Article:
Minnesota signs PFAS restriction order
Minnesota restricts PFAS
Minnesota signs PFAS restriction
As part of the comprehensive environmental bill (HF2310), Minnesota has established requirements for products containing perfluoroalkyl and polyfluoroalkyl substances (PFAS), known as “Amara’s Law”. These requirements include prohibitions on certain products intentionally containing PFAS, as well as reporting requirements.
(a) Beginning January 1, 2025, the following products, if intentionally containing PFAS, may not be sold, offered for sale, or distributed in Minnesota:
- Good news | Saint Lucia, Saint Kitts and Antigua passports are visa-free to Canada! Identity upgraded again!
- What is a US standard oath? How to check if a trademark needs an oath?
- Due to the slower-than-expected pace of China’s reopening, Korean exporters are facing difficulties
(1) carpets or rugs; (2) cleaning products; (3) cookware; (4) cosmetics; (5) dental floss; (6) fabric treatments; (7) juvenile products; (8) menstruation products; (9) textile furnishings; (10) ski wax; or (11) upholstered furniture.
(b) If a product contains intentionally added PFAS, the commissioner may, by rule, identify other products by category or use that may not be sold, offered for sale, or distributed in the state and specify effective dates. The prohibition established under this paragraph must take effect no earlier than January 1, 2025, and no later than January 1, 2032. The commissioner must prioritize prohibiting the sale of product categories that, in the commissioner’s determination, are most likely to pollute or harm the state’s environment and natural resources if they contain intentionally added PFAS.
(c) Beginning January 1, 2032, no person may sell, offer for sale, or distribute in the state any product containing intentionally added PFAS, unless the commissioner has determined through rulemaking that the use of PFAS in the product is currently unavoidable.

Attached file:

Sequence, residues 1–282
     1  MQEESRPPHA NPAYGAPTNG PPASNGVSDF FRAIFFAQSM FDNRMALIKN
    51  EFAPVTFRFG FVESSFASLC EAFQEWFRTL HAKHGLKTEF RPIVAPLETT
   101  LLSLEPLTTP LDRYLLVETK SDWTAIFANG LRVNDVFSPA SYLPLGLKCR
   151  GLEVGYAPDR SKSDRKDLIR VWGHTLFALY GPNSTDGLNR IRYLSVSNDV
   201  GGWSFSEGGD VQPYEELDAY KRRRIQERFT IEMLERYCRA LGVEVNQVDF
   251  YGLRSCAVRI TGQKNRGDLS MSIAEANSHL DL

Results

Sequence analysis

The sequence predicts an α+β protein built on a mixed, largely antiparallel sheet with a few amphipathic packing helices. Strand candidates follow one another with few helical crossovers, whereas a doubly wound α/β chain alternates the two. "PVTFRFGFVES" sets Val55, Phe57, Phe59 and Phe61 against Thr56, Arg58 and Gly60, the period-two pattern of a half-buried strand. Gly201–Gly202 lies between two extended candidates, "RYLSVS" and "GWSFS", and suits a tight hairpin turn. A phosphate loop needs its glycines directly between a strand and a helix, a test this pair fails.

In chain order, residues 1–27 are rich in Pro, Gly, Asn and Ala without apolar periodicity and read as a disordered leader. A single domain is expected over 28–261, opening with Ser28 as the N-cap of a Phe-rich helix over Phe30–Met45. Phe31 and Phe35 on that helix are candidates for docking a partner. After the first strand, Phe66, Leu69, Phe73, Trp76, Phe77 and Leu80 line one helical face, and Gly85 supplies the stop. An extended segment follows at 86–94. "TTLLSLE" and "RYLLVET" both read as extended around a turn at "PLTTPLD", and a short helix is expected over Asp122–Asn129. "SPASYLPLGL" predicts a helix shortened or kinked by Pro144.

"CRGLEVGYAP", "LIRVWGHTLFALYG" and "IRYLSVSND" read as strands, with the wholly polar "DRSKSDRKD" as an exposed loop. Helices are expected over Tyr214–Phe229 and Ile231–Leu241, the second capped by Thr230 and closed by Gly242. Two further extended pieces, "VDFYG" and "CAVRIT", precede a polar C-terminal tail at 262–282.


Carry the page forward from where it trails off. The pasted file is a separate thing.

Beginning January 1, 2026, for products containing intentionally added PFAS sold, offered for sale, or distributed in Minnesota, the following information must be submitted to Minnesota. The manufacturer is responsible for the report as required by law.
• Brief description of the product, including the universal product code (UPC), stock keeping unit (SKU), or other numerical codes assigned to the product;
• The purpose of PFAS use in the product, including in any product components;
• The content of each PFAS in the product;
o PFAS must be identified by their Chemical Abstracts Service registry numbers;
o Reported in exact quantification determined by commercially available analytical methods or in a reporting format approved by the Commissioner;
• Name and address of the manufacturer and the name, address, and telephone number of the manufacturer’s contact person; and any additional information required by the Commissioner to carry out the requirement.
If approved by the Commissioner, manufacturers may provide information by product category or type rather than by each individual product. The Commission will consider provisions for waivers and delayed reporting.
III. Implementation Testing and Certification of Compliance
If the Commissioner has reason to believe that PFAS has been intentionally added to a product, they may require the manufacturer to provide information such as a certificate of non-intentional addition of PFAS, as well as test results or other supporting evidence. This information must be provided within 30 days of the investigation.
If a product is found to contain PFAS, test results and additional reporting information must be submitted to the Commission. Manufacturers must inform sales or persons who offer for sale to cease using the product.
“Manufacturer”: The person who creates or produces a product or who affixes its brand name to the product. In the case of products imported into the United States, if the person who manufactures or assembles the product or affixes its brand name to the product does not exist in the United States, then the manufacturer includes the importer of the product or the domestic first distributor.
“Currently unavoidable use”: Refers to the use of PFAS that the Commissioner determines is critical to health, safety, or essential societal functioning and is unable to reasonably obtain a substitute.
“Intentional addition”: The addition of PFAS intentionally during the production of a product, where PFAS continues to exist in the final product or a component of the product to perform a specific function.
“Per- and polyfluoroalkyl substances” (PFAS): A class of fluorinated organic chemicals that contain at least one perfluorinated carbon atom.
Like what you're reading? Subscribe to our top stories.
- The B-side of the myth of wealth creation through cross-border e-commerce is the sellers who have become followers and have been reduced to mere commodities
- Jumia aims to expand in rural areas! It will fully promote the JForce plan!
- Account at risk of being disabled? Come in and learn about related matters~
- Freight rates have increased by 20%! There are widespread delays in the delivery of goods in the United States
- Do you still not know how to use ChatGPT, which is exploding globally?
- Autobia, an e-commerce platform for automobiles, has completed a $20,000 financing round and aims to boost the automotive market in Saudi Arabia
- Explanation of the steps and precautions for registering an import and export company